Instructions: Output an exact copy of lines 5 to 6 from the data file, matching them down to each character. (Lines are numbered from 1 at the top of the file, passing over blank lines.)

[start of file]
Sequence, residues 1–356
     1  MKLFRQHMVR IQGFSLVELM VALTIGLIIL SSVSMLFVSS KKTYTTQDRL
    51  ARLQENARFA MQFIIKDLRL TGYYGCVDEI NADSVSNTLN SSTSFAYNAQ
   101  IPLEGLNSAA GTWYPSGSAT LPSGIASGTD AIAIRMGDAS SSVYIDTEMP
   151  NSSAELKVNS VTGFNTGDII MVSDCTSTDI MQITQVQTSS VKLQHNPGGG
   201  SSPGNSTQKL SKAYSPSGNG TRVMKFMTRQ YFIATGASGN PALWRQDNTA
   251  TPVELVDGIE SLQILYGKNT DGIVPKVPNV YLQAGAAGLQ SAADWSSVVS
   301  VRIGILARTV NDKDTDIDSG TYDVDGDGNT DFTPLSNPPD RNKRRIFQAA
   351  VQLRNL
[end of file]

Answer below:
   151  NSSAELKVNS VTGFNTGDII MVSDCTSTDI MQITQVQTSS VKLQHNPGGG
   201  SSPGNSTQKL SKAYSPSGNG TRVMKFMTRQ YFIATGASGN PALWRQDNTA